comcastComcast Press Release: “Through this merger, more American consumers will benefit from technological innovations, including a superior video experience, higher broadband speeds, and the fastest in-home Wi-Fi. The transaction also will generate significant cost savings and other efficiencies.”

 

morelleJoe Morelle: “In just two-and-a-half years, over 350,000 families, representing approximately 1.4 million low-income consumers, have been connected to the Internet thanks to this program. This proposed merger would extend this vital program to many more low-income households in New York by providing access to it in certain areas of the state currently only served by Time Warner.

cohenDavid Cohen: “In just two and a half years, over 300,000 families, representing some 1.2 million low-income consumers, have been connected to the transformative power of the Internet thanks to this program. The transaction will extend this vital program to millions more Americans in the areas currently served by TWC.”

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Bright House, Time Warner Cable, and Mediacom Customers Get Expanded TV Everywhere

NBC_Universal.svgThree cable operators have announced additions to their TV Everywhere services that let cable television subscribers stream certain cable networks from home computers and portable wireless devices.

Time Warner and Bright House are inching towards making their apps more useful with new deals that will allow viewing outside of the home. Unsurprisingly, Time Warner has managed to sign a deal with their potential new owner — Comcast/NBCUniversal –  that includes anywhere-viewing of live and on demand content from NBCUniversal’s suite of cable networks including USA Network, Syfy, Telemundo, Bravo, Oxygen, CNBC, MSNBC, mun2, NBC Sports Network, and Golf Channel, as well as local NBC and Telemundo-owned broadcast stations.

Since Time Warner Cable handles cable programming negotiations for Bright House Networks, both customers will receive the enhanced service.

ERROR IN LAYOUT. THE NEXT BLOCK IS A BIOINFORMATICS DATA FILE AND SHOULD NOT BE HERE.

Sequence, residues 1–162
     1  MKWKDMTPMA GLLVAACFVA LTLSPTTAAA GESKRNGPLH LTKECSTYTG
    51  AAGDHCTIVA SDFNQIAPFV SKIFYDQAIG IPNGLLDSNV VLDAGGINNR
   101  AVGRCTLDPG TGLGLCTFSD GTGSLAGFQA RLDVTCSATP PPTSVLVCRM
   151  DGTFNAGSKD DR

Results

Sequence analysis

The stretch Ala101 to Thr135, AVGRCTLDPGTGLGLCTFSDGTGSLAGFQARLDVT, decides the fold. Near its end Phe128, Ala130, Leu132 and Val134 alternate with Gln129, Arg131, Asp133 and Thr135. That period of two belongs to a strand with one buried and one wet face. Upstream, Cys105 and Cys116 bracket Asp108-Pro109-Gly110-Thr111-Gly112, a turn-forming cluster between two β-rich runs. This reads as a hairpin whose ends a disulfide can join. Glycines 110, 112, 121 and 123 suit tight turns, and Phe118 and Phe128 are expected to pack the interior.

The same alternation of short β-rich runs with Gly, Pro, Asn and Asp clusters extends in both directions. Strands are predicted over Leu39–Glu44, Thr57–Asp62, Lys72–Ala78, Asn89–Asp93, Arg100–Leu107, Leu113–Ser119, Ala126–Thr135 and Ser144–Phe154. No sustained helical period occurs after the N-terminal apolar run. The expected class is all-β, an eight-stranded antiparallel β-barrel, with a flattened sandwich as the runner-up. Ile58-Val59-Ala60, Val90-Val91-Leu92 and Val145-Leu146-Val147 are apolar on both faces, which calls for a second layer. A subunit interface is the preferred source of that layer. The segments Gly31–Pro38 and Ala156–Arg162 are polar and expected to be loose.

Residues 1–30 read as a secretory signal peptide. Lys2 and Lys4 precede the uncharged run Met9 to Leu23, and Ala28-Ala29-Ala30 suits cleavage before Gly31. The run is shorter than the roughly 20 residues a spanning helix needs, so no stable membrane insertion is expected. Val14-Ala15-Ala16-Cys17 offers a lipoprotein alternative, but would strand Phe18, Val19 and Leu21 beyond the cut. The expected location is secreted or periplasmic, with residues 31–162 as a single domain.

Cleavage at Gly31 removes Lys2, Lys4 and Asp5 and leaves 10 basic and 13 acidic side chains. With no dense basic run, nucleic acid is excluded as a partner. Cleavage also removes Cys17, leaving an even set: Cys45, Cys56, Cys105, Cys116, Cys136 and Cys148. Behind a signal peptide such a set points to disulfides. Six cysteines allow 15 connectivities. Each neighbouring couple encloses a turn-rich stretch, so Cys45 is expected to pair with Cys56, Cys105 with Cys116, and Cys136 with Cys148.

Within the next few days, customers will have access to the NBC Sports Live Extra and Golf Live Extra services via apps on iOS and Android devices, as well as online. Access to the remaining broadcast and cable networks will become available to Time Warner Cable and Bright House customers starting in September, and continuing on an ongoing basis. Customers must verify their subscription to begin watching.

nfl channelUnfortunately, there are only a handful of NBC-owned and operated broadcast stations across both companies’ service areas. In most cases, local affiliate stations are owned and operated by other corporate entities and will not be included in this deal.

Mediacom Communications has expanded its own TV Everywhere package, adding NFL Network and NFL RedZone this week, along with mobile access to FX, FXX, FX Movies, National Geographic and National Geographic Wild.

Mediacom now offers 40 channels for out-of-home viewing and plans to add FOX Sports Go and other popular sports networks by September.

TV Everywhere allows Mediacom customers to always be connected to live entertainment and information,” said Mediacom senior vice president Ed Pardini. “Adding new channels to this service extends the value of a video subscription by giving customers more options to view their favorite programs when and where they want, whether that’s the big screen in living rooms or with the convenience of a mobile device.”

Mediacom customers looking for NFL Network and NFL RedZone on smartphones and tablets must download the free NFL Mobile App by going to the web site. Mediacom is now listed as a participating provider. Customers should log in with their Mediacom email address and username.

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Wining and Dining the FCC: Comcast Sponsors Honors Dinner for Commissioner During Merger Review

FCC Commissioner Mignon Clyburn

FCC Commissioner Mignon Clyburn

Comcast will pay $110,000 to sponsor a major dinner honoring FCC commissioner Mignon Clyburn at the same time the regulator is considering whether to approve the cable company’s application to acquire Time Warner Cable.

In a barely noticed Senate lobbying disclosure released last month, Time Warner Cable admitted it was also spending $22,000 of its subscribers’ money on the same meal.

The money gets Comcast a top-level commitment as a “presenting sponsor” at the Walter Kaitz Foundation dinner next month, which features Clyburn receiving a “diversity advocate” award. Comcast will be prominently recognized with marquee recognition, get premier seating for 40 of its guests, and inclusion in a variety of ads and “E-News Blasts.”

Some good government groups hope Clyburn can arrange for a last-minute scheduling conflict to avoid the obvious conflict of interest of a cable operator honoring a commissioner who could decide the fate of its multibillion dollar merger deal.